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Online, in-person, or both? Regional differences in buying channels

Published February 1, 2022

In 2020, the COVID-19 pandemic created the conditions for an unprecedented surge in e-commerce—the equivalent of 10 years’ growth in just 3 months. The pandemic temporarily shut the doors of some establishments and, after stores reopened, they were only allowed to do so with reduced capacity. People felt, and many still feel, safer ordering what they need from their own homes. 

All of this meant that e-commerce share grew by 4.4 percent in 2020, accounting for 18 percent of global retail sales. By 2024, it’s expected to account for 21.8 percent.    

Although online shopping has grown globally, the rate and extent differ by region. Companies looking to expand into new markets need to understand how these markets prefer to shop. Do they like to walk into physical stores for that first-hand experience, or do they favor the convenience of ordering what they need online?

Related: Cash, credit, or digital? Regional differences in payment methods

Online and offline retail continue to grow in North America

The pandemic did not slow down North American retail in 2020. Total retail sales grew both online and offline. Offline sales increased by 2.1 percent. Following the global trend, online shopping in North America has been gaining steady momentum in recent years and jumped ahead significantly due to the coronavirus pandemic. In 2020, it accounted for 19.6 percent of total retail sales in the United States, nearly 4 percent higher than in 2019. 

According to Digital Commerce 360, online shoppers spent 32.4 percent more in 2020 than they did in 2019. This is the most growth the industry has seen in twenty years. Online spending accounted for 19.6 percent of all retail sales in the United States in 2020, an increase from 15.8 percent in 2019 and 14.3 percent in 2018. Interestingly, over a third of online retail sales happened through the e-commerce giant Amazon.

The percentage of e-commerce sales jumped significantly in 2020 (Source: Digital Commerce 360)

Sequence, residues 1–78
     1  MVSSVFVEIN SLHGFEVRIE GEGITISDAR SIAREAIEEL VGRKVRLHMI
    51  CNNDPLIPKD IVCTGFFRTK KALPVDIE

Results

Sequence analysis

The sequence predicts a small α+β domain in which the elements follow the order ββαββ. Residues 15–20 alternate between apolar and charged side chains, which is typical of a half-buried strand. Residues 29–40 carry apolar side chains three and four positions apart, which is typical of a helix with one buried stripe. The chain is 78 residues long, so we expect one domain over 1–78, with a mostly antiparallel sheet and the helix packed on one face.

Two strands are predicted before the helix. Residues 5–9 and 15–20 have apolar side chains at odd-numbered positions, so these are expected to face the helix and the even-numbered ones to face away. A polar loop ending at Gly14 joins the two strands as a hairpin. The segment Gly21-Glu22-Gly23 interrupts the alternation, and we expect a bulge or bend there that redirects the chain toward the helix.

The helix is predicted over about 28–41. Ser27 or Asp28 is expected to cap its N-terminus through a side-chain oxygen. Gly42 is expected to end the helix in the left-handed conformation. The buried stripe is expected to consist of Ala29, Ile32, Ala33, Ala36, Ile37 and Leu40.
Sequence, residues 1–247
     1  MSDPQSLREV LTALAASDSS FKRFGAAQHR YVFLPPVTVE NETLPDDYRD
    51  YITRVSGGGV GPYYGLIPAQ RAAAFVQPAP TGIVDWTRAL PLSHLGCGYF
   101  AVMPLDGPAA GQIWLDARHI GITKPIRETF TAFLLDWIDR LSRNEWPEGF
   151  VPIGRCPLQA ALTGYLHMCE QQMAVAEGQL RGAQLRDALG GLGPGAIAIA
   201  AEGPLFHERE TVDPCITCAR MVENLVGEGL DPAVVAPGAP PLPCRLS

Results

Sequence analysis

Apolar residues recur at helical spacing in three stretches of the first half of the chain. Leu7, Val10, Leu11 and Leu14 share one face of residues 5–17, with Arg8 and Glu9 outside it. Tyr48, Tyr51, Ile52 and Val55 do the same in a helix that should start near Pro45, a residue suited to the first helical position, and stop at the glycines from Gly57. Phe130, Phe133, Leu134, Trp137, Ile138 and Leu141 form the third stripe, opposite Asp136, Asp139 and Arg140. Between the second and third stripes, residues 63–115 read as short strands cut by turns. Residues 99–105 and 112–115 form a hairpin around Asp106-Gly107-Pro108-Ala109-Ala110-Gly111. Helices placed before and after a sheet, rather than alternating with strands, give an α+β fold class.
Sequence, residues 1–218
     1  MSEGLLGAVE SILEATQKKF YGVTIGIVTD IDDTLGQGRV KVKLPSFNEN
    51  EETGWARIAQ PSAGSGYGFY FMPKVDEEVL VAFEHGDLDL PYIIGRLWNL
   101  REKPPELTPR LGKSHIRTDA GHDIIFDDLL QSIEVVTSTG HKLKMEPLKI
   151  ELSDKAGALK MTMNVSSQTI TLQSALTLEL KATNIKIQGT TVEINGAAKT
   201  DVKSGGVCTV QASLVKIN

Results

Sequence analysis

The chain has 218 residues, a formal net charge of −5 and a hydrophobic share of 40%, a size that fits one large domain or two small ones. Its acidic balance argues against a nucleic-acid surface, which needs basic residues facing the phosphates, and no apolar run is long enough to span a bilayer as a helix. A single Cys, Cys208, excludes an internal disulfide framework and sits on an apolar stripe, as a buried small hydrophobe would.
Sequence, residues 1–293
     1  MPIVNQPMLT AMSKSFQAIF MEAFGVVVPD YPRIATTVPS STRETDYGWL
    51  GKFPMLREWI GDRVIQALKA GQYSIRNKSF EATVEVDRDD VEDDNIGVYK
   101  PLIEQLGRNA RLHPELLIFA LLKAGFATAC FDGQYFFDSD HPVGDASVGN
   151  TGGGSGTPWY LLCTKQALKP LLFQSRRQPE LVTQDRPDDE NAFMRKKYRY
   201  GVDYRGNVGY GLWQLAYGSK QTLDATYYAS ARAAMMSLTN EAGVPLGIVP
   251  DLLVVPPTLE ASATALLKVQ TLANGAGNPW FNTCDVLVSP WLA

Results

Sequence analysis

Canadians, particularly those between 18 and 44, tend to prefer a mixture of both in-store and online buying channels. This is especially true for buying small-ticket items like fashion goods, beauty products and shoes. For in-store purchases, Canadians give priority to the presence of deals and sales, COVID prevention measures and shelves fully stocked with products. Deals and sales are also the most important aspect for Canadians when shopping online, followed by a well-stocked inventory, a wider variety of products, quick website loading time, accessibility and responsiveness and different payment options.

Preferred purchasing channels for small-ticket items by age (Source: Paybright)

Perhaps the biggest shift in online retail since the pandemic was in online grocery shopping. Pre-COVID, 80 percent of Americans had never bought their groceries online. A year later, 79 percent of all shoppers had done so, propelling online grocery sales in the U.S. from $1.2 billion to $7.2 billion in less than a year. According to research done by Food, Americans are likely to order more of their weekly shopping online even after the pandemic. 

Customers who were unwilling to pay for grocery delivery opted for curbside pickup options instead. This gave them the convenience of choosing their groceries online with the added convenience of driving to the store and having their goods placed directly into their cars.

The popularity of curbside pickup shot up by 15 percent in months (source: eMarketer)


  • Focus on e-commerce and offer various delivery options— particularly curbside pickup.
  • If you’re in the grocery or staple goods industry, consider adding an online store to your channels. 
  • If you’re looking to attract customers into your physical store, find ways to offer richer experiences. Focus on deals and sales and prioritize well-stocked shelves.

More Latin Americans are buying online

Latin America is a region known for having a relatively low take-up of online shopping.  In 2020 the region saw a sudden boom in the e-commerce industry and has become one of the fastest-growing regions in the world. The COVID-19 pandemic pushed 13 million Latin Americans to make their first-ever digital purchase. 

In-store shopping has remained predominantly popular as up to 65 percent of the Latin American population is currently unbanked due, in part, to an apparent mistrust in financial institutions. This leaves most people without the means to make online payments and favors more in-store, cash-based purchases instead. 

There are currently nearly 300 million e-commerce users in Latin America, with an expected growth of nearly 20 percent in the next three years. The value of online retail sales is also expected to double by 2025 from $85 billion (in 2021) to $160 billion by 2025. Brazil and Mexico are the strongest players in the region, jointly making up nearly 60 percent of the LATAM e-commerce market, with countries like Argentina and Peru rapidly picking up the pace.